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Memento Mori: Looking Into the Eyes of Dogs on Death Row

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A huge fan of photography, I’ve been checking in weekly over at National Geographic to view some selected picks of the thousands of shots received for their 2011 Photo Contest.

The one above struck me hard.

Underneath the gentle, beautiful portrait of a dog, the summary reads:

“11:38am, 08/01/2011, Taiwanese public animal shelter, time until merciful death: 29 minutes.

These images record the last moments of life for some dogs found in public pounds run by governmental agencies in Taiwan. These portraits are taken on the very day in which the animal depicted is about to be put down or mercifully killed.

In viewing these specific images, one looks directly into the eyes of the dog and the dog looks back. Death is eminent and all that is asked of the viewer is to recognize the common bonds and to honor the resemblances between our lives.”

Incredible. Moving. Heartbreaking. I’m at a loss to accurately describe what may be one of the best reminders to always adopt.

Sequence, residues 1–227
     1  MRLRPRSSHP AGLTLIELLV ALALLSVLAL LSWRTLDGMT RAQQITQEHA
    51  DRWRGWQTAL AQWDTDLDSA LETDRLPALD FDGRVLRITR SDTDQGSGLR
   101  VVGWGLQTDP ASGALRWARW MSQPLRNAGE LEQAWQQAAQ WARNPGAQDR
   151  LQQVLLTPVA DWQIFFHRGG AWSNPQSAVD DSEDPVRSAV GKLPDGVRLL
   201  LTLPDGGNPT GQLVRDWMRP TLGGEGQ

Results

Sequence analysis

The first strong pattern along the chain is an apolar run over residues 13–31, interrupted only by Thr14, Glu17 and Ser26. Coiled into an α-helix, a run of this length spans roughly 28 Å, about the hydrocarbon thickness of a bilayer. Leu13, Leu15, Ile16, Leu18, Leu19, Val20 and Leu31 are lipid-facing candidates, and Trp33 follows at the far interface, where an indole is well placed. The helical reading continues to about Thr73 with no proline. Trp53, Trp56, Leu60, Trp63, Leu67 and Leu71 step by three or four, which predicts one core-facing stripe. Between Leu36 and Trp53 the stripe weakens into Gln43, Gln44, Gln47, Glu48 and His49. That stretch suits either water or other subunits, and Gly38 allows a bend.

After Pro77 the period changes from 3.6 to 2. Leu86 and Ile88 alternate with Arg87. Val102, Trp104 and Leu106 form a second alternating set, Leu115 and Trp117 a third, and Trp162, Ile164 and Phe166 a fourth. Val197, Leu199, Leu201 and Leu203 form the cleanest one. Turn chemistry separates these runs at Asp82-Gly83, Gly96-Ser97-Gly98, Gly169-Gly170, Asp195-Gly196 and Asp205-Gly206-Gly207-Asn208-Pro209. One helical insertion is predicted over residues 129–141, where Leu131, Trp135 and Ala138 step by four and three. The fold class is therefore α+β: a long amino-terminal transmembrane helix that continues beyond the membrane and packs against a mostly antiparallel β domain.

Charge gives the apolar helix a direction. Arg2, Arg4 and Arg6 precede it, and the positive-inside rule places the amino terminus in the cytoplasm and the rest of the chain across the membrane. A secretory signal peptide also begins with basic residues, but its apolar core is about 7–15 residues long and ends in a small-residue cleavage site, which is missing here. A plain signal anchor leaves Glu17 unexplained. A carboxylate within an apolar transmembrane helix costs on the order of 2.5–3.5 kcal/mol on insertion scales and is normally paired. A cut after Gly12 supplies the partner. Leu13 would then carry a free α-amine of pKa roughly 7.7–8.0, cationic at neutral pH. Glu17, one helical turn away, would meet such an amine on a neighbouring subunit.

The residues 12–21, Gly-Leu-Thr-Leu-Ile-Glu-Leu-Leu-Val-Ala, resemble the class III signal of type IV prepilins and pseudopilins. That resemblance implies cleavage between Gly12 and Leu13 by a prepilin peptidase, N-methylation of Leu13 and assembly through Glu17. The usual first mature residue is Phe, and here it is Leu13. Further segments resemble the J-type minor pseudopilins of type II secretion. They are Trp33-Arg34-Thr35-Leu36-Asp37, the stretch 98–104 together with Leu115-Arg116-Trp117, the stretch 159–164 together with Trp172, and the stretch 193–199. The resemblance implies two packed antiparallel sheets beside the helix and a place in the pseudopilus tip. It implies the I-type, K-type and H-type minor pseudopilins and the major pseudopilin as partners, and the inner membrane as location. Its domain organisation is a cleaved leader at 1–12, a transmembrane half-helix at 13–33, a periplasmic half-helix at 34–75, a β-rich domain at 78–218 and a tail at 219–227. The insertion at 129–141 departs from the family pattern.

The series, titled Memento Mori (or “Remember Your Mortality) was created by photographer Yun-Fei Tou. Over on the site fotovisura, the artist describes in more detail the purpose behind the images.

“The purpose of this project is to arouse people’s awareness of animals rights and make people think through, carefully and consistently, the question of how we ought to treat nonhuman animals. The animals themselves are incapable of demanding their own liberation, or of protesting against their condition with votes, demonstrations, or boycotts. We have to speak up on behalf of those who cannot speak for themselves.”

You can view the rest of Yun-Fei’s striking photography here.

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  • sad photos and so true. “you buy, and another one dies”. it should become illegal, to dump your pet. “you buy, you take care” should be the rule.

    wold love to see similar photos of pigs and cows on billboards. people shold realise what the effect of their actions are, wethere it is buying a pet, eating meat, or buying too cheap things made by underpaid third world workers.

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